Johnson covers up the potential issues well enough, but there are places where the film asks us to blindly accept a confusing logic that relates directly to the major, major events of the film. Can the events depicted actually alter the future? How much interaction does it take before the butterfly effect takes hold and all possibilities are destroyed? If you know (essentially) the day you're going to die, why don't more loopers disappear? How many people in the past are aware of time travel in the future? Doesn't that awareness impact its future use? Also, did they really have to mess with JGL's face that much to make him a convincing Willis stand-in? My advice to you: as long as it's not wondering why JGL's lips look so made up compared to Old Joe, don't think about it. Just go with it. There's enough substance to the story outside of the scientific logistics and Looper uses its assets to pull the story in truly unexpected directions far away from the average formula.
Saturday, September 29, 2012
Friday, September 28, 2012
I'm not sure whether my teenage self would have been insanely happy or extremely annoyed by the addition of David Bowie's "Heroes" at a crucial point here. My teenage self loved that song to bits. My current self still does. My teenage self, I think, would not have wanted this song spread about willy nilly to all her unworthy classmates because it would have defeated the purpose One time my teenage self was listening to this song on her boombox when she looked outside and realized that the sky was gold and everything was saturated in color. My teenage self was not on drugs, guys, but there was a weird ecstatic moment in relation to this song where my teenage self ran out of the house and down the block and everything was very quiet and very synchronized and it was like the beginning of Vanilla Sky and no one else existed on the planet and when I came back the song was still playing (or playing again?). That was feeling infinite, and the use of the song here exploited my goddamn emotions and I felt all that emo kid shit and I was like "yes!" but at the same time "why are you doing this to me?" And with that I conclude: feelings. Perks of Being a Wallflower is filled with feelings. It may not be flawless, but goddamn is it potent.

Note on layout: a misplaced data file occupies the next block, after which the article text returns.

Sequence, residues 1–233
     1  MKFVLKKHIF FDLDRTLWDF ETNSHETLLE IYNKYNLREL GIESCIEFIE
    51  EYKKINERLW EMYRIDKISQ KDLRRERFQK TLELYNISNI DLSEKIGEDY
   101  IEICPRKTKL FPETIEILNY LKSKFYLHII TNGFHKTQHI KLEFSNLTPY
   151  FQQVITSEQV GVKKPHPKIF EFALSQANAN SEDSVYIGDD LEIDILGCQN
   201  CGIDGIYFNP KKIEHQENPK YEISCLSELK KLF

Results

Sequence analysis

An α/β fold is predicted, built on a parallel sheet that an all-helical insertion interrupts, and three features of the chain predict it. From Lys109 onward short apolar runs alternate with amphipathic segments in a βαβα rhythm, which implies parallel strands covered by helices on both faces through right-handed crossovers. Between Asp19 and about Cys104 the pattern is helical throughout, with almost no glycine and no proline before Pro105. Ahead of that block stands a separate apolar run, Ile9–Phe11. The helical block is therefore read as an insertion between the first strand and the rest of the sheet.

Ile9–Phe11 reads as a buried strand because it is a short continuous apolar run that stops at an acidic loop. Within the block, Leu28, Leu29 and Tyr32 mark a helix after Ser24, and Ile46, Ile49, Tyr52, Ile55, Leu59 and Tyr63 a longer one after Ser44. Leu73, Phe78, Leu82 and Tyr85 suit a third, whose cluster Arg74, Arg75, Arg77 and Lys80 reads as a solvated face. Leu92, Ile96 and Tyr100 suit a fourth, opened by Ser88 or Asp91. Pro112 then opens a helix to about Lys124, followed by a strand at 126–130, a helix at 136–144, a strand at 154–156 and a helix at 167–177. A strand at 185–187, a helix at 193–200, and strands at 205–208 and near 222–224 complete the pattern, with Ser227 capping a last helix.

When The Master ended, we didn't leave the theater. It's not as though the credits were stylishly managed or as if we were waiting for some sort of bonus footage, but we just sat, and stayed, and at first there was no communication at all. It just didn't seem like the right time to speak. We stayed there til the lights came up, and when they did we stumbled into the lobby like we'd emerged from Plato's cave and embarked in a standing discussion for what was probably a very long time. No one had any definite answers last week, and I'm afraid I still don't have them now. The Master is a confounding, remarkable cinematic achievement, and though I'm not sure what it all adds up to, I look forward to watching it many, many more times.I'd like to imagine that the strange, foggy bewilderment is deliberate. Perhaps this is excuse making on behalf of a filmmaker I'm quite fond of and a movie I'd been eagerly anticipating, but The Master reads as so formally perfect that it's hard to imagine Paul Thomas Anderson making it strictly in service of a cinematographic ideal. Anderson's vision is very much on display in each and every shot of The Master, and the compositions are crisp, spacious landscapes built to house the larger than life performances of its leads. We travel by land and by sea, with aerial and tracking shots that are very nearly worrisome, as if our protagonist's erratic behavior is something we should fret about in real time. Everything is beautiful in the most mundane way, alive with a strange post-war tension rooted in some strange, moth-eaten distaste for the washed-out banalities of modern existence. And, um, yeah, if that sounds pretentious, you probably shouldn't see the movie.